Confronting terrestrial biosphere models with forest inventory data

Authors


  • Corresponding Editor: A. D. McGuire.

Abstract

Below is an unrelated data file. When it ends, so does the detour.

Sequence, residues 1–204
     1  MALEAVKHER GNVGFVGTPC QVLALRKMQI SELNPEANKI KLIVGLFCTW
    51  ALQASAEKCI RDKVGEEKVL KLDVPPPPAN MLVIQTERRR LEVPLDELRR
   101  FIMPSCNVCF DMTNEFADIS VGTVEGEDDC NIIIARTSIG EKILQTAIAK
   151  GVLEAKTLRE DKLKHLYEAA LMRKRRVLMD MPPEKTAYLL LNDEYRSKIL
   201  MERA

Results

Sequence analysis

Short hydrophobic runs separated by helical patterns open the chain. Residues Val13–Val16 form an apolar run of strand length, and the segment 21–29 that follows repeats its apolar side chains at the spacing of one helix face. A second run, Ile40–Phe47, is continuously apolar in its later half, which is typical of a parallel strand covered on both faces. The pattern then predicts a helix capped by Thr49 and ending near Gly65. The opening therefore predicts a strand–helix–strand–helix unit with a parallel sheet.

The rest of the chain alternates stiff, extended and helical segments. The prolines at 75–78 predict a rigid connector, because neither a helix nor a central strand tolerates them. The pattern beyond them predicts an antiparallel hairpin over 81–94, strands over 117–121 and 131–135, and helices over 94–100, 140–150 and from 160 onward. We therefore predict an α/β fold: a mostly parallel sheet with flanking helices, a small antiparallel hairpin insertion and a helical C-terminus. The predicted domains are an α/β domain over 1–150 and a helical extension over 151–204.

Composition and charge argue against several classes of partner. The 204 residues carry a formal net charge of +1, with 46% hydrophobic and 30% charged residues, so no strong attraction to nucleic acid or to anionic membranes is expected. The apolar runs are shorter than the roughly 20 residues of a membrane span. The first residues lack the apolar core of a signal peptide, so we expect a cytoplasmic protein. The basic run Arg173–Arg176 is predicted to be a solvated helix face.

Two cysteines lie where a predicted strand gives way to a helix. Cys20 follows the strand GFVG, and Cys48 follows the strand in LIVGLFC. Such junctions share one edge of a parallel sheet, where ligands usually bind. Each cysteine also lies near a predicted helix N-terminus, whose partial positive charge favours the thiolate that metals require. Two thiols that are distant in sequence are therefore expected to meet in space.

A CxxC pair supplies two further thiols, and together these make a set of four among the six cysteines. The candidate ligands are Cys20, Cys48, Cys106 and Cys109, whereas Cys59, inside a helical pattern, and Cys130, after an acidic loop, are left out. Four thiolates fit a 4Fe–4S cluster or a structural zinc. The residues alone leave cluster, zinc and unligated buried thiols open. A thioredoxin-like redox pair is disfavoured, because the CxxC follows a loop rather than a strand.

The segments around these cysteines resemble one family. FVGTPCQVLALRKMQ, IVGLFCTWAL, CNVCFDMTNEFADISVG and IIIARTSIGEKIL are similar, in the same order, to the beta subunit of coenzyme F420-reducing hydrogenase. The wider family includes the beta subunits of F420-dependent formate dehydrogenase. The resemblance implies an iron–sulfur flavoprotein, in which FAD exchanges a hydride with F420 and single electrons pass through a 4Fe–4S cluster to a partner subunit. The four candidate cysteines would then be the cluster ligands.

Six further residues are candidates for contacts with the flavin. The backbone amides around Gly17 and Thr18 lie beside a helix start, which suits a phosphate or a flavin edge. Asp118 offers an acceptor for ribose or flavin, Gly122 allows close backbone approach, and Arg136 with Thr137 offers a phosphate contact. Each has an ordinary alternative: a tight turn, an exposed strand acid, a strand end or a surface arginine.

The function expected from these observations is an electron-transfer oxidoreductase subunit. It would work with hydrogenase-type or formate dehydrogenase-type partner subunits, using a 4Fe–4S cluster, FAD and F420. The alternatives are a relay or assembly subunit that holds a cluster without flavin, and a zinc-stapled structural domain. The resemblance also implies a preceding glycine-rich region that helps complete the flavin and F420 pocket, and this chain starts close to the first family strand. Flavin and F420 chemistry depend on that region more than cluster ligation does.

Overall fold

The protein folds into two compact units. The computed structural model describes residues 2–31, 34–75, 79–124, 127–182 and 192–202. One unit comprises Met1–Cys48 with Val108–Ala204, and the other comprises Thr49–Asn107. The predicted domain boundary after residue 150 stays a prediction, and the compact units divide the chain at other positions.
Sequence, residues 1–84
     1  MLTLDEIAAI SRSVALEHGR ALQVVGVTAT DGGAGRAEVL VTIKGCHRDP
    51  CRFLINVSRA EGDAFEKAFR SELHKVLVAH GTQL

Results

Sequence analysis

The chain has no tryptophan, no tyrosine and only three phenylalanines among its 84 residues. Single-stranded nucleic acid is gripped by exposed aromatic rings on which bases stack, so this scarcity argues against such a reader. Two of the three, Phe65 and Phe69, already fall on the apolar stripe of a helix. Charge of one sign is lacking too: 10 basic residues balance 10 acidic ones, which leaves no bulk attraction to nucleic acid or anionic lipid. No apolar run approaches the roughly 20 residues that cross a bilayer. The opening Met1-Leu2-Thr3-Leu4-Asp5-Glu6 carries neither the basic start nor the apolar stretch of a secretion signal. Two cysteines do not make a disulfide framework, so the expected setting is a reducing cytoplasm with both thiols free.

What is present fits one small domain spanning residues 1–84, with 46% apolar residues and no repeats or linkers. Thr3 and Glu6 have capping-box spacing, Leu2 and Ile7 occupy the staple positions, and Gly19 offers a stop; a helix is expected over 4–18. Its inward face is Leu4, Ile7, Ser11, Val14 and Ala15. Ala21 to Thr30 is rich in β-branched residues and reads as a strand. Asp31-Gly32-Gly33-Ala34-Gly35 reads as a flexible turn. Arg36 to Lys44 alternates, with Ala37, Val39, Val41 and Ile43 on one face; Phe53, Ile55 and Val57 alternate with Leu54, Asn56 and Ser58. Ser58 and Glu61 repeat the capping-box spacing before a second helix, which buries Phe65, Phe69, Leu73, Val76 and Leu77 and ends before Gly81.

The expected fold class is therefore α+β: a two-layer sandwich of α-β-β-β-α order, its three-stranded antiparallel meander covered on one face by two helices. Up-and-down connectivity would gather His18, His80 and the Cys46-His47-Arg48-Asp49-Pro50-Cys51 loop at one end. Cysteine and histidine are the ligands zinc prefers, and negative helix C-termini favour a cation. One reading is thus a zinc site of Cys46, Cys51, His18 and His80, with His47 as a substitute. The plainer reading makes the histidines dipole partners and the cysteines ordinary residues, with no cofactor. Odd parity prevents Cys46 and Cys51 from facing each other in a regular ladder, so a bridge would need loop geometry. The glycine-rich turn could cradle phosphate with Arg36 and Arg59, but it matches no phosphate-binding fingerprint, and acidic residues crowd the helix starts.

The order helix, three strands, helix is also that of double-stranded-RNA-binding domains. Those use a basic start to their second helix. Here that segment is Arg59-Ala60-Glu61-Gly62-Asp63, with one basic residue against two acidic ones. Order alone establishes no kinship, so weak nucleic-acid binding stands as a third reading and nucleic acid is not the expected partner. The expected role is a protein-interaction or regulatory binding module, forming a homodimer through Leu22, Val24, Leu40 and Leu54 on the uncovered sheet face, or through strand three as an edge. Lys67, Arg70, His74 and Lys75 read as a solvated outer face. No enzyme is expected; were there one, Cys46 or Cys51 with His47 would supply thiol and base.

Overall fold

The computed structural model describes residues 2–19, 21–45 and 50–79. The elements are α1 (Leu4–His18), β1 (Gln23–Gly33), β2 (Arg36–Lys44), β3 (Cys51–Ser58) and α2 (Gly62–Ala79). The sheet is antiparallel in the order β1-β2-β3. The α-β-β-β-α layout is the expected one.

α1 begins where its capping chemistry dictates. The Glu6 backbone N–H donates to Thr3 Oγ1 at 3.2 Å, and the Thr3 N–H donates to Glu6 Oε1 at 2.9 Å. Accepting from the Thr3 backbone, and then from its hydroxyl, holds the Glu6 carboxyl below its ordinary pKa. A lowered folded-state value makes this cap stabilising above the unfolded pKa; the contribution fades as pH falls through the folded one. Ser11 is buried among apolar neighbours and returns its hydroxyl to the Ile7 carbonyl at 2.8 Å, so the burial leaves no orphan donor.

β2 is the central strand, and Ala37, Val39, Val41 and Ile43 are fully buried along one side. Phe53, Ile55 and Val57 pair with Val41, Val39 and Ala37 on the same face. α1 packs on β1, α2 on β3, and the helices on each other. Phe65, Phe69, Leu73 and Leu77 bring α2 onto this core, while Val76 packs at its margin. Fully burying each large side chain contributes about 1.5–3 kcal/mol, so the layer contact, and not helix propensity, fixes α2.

Efforts to test and improve terrestrial biosphere models (TBMs) using a variety of data sources have become increasingly common. Yet, geographically extensive forest inventories have been under-exploited in previous model–data fusion efforts. Inventory observations of forest growth, mortality, and biomass integrate processes across a range of timescales, including slow timescale processes such as species turnover, that are likely to have important effects on ecosystem responses to environmental variation. However, the large number (thousands) of inventory plots precludes detailed measurements at each location, so that uncertainty in climate, soil properties, and other environmental drivers may be large. Errors in driver variables, if ignored, introduce bias into model–data fusion. We estimated errors in climate and soil drivers at U.S. Forest Inventory and Analysis (FIA) plots, and we explored the effects of these errors on model–data fusion with the Geophysical Fluid Dynamics Laboratory LM3V dynamic global vegetation model. When driver errors were ignored or assumed small at FIA plots, responses of biomass production in LM3V to precipitation and soil available water capacity appeared steeper than the corresponding responses estimated from FIA data. These differences became nonsignificant if driver errors at FIA plots were assumed to be large. Ignoring driver errors when optimizing LM3V parameter values yielded estimates for fine-root allocation that were larger than biometric estimates, which is consistent with the expected direction of bias. To explore whether complications posed by driver errors could be circumvented by relying on intensive study sites where driver errors are small, we performed a power analysis. To accurately quantify the response of biomass production to spatial variation in mean annual precipitation within the eastern United States would require at least 40 intensive study sites, which is larger than the number of sites typically available for individual biomes in existing plot networks. Driver errors may be accommodated by several existing model–data fusion approaches, including hierarchical Bayesian methods and ensemble filtering methods; however, these methods are computationally expensive. We propose a new approach, in which the TBM functional response is fit directly to the driver-error-corrected functional response estimated from data, rather than to the raw observations.

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